Until recently, I had not heard of the fundraising app known as Patreon and, when I did, I brushed it off as another Go Fund Me application where friends and family might throw a few dollars your way before the repeated posting gets annoying and they hide the content forever.
Then I noticed a Patreon posted by a writer I adore. Her work is edgy and fun and new. I clicked. I learned. I loved. Now I support her through a tiny monthly pledge that comes automatically out of my PayPal account. In return, I get access to her words of wisdom (which, as a new author, is invaluable), snippets of her works in progress, and access to short stories that she doesn’t release anywhere else.
When I researched this relatively new application, I found it is actually a new twist on an old concept of artists and writers seeking out wealthy patrons for support. The difference is that today’s artists and writers are not looking for a single rich patron. Instead, they are seeking many everyday lovers of the arts to support what they love in a way that benefits everyone involved.
Since beginning my research, I have seen this tool used for the publication of online magazines, for music tracks and narration, for sketches and stories and workshops in various stages of completion. Some charge by post. Some charge by month. Some have one cost. Others have tier pricing. Some even have rewards. The one I follow currently offers increasing rewards as you increase in amount of support. Rewards may include a poem a week, writing prompts, tips for querying, ability to name a future character, or feedback on the first ten pages of a work in progress (WIP).
One of the things I really like about Patreon is your ability to keep it running for as long as your followers want your content and you can produce that content. This also seems to be the most draining part of the application. Your followers will demand getting what they pay for. That means you must produce: weekly, monthly, yearly, continuously. Those that succeed do so by following a very strict calendar of posts. They have rewards they can consistently provide.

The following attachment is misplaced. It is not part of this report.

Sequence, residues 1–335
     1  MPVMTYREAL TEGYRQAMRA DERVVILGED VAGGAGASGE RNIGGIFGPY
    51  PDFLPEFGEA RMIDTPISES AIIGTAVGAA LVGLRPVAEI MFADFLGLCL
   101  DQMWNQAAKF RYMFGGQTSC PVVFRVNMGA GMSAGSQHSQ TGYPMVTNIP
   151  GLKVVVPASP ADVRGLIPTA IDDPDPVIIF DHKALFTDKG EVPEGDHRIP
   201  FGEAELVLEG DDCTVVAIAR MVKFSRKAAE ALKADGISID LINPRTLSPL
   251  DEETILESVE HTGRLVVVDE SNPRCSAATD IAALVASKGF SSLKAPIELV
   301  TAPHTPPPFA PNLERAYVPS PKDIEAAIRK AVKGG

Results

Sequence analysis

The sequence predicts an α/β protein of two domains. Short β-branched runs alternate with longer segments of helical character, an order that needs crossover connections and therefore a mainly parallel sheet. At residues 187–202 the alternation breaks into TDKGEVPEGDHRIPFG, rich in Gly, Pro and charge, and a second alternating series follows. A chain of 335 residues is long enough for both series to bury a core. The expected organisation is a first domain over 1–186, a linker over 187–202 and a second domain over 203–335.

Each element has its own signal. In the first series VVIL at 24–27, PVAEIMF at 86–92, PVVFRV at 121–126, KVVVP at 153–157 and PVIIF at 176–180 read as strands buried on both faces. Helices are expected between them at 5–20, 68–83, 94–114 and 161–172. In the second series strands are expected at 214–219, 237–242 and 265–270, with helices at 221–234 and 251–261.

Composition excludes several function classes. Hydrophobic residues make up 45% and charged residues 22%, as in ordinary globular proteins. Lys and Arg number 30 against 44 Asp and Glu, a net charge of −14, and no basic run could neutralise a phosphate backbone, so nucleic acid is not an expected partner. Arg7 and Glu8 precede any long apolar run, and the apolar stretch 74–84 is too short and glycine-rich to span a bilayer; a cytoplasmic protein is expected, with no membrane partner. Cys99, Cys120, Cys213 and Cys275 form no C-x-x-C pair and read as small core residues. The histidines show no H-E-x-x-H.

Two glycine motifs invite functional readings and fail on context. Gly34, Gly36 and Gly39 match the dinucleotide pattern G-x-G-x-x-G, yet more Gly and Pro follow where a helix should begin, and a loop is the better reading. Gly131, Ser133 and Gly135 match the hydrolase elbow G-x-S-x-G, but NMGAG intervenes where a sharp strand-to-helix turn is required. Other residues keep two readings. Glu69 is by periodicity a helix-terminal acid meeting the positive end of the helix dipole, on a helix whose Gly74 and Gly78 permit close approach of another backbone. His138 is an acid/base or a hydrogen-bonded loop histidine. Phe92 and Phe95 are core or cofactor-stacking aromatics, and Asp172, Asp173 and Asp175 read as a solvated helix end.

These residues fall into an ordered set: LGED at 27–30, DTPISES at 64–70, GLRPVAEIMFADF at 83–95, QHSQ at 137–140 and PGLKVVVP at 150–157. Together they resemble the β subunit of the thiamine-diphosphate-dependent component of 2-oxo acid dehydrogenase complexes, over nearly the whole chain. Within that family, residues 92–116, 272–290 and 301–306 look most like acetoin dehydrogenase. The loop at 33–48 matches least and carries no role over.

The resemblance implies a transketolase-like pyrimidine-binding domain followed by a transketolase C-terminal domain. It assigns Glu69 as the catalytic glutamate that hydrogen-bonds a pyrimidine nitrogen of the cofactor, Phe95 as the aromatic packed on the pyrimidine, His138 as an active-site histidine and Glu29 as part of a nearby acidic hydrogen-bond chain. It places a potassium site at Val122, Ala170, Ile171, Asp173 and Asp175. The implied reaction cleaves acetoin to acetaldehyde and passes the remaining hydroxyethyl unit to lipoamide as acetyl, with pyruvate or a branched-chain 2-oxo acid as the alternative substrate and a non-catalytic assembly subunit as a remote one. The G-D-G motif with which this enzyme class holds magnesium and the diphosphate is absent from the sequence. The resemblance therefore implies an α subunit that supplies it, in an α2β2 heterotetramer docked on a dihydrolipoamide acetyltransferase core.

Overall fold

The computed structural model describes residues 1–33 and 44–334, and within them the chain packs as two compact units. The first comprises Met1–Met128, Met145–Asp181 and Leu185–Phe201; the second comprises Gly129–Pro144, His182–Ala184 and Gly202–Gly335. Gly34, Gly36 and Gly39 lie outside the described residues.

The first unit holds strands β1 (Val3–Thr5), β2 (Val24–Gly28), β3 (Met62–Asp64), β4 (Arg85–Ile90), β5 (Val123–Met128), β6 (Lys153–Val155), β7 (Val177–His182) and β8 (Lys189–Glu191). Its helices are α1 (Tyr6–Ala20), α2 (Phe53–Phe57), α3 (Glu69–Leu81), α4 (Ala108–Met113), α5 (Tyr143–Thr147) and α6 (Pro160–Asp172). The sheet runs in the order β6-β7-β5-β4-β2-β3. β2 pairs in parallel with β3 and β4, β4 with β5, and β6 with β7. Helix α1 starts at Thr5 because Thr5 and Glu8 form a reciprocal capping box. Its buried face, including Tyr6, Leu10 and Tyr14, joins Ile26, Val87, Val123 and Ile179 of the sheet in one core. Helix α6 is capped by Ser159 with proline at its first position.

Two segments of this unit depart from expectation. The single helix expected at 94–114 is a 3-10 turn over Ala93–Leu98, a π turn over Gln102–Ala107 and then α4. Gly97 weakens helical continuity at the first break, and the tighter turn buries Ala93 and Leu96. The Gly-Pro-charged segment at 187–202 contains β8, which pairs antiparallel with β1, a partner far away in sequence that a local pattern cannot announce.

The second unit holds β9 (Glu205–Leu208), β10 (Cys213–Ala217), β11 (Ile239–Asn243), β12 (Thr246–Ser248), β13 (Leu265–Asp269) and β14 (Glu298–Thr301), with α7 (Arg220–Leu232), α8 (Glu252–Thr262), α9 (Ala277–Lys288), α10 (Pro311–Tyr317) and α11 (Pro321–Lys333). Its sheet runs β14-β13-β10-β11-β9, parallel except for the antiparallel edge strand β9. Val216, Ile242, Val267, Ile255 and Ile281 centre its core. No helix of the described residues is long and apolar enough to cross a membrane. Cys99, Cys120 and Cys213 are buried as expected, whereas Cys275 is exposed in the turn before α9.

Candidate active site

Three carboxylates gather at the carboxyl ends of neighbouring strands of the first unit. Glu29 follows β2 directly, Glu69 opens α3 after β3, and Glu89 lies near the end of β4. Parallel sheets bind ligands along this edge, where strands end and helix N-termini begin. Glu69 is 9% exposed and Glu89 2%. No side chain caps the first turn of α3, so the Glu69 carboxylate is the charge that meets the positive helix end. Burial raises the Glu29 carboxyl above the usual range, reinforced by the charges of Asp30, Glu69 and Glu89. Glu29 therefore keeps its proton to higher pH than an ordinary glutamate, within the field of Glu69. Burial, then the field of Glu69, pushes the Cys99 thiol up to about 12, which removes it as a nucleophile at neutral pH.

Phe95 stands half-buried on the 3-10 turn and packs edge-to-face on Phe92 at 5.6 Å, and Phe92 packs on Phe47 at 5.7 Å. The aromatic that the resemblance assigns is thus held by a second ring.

The benefits of the hard work that goes into maintaining a Patreon site are loyal followers who you know appreciate your particular skill and style and income. I spoke to several authors who use this tool. Most indicated an income stream of between 100 and 300 dollars per month. This may not seem like a lot but, as one new author said, “For those who are struggling to get a career off the ground, this is a bill or two that wouldn’t otherwise get paid,” and you cannot even imagine what that means to those of us determined to make this writing thing work.”
One author indicated earnings in excess of 500 dollars per month, but according to her that is after many hours of nurturing and massaging the content and the needs of the followers. “It is a marketing strategy. You have to treat it as part of your job.”
Another author indicated earnings of less than 100 dollars a month. “I decided early on,” she told me, “that I just couldn’t write fast enough to build this platform in a money-making way. Instead, I keep going to give back to other writers. Whatever I make each month, I divvy-up between Patreon creators I support.” What a great idea!
There is one thing that everyone I talked to agreed upon: You have to have a tough skin to maintain an account such as this. You will lose followers as their finances change. You will often feel like you are pouring hours of work into a void. It may take months or years to establish a site that actually makes enough to pay a bill.
Self-promotion is tedious.
The bottom line for most of us utilizing social media is community and connection. After much research, I believe Patreon is a great way to foster that while giving back to those we aspire to be ourselves someday.
Do you have a Patreon account? Tell me about it below. I would love to check out your content.